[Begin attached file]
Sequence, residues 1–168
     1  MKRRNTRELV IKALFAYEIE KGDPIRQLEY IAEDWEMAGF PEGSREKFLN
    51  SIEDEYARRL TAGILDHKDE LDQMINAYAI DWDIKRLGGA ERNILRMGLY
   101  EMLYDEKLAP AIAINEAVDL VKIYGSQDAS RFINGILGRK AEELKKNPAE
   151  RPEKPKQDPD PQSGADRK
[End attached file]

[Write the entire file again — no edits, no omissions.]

Sequence, residues 1–168
     1  MKRRNTRELV IKALFAYEIE KGDPIRQLEY IAEDWEMAGF PEGSREKFLN
    51  SIEDEYARRL TAGILDHKDE LDQMINAYAI DWDIKRLGGA ERNILRMGLY
   101  EMLYDEKLAP AIAINEAVDL VKIYGSQDAS RFINGILGRK AEELKKNPAE
   151  RPEKPKQDPD PQSGADRK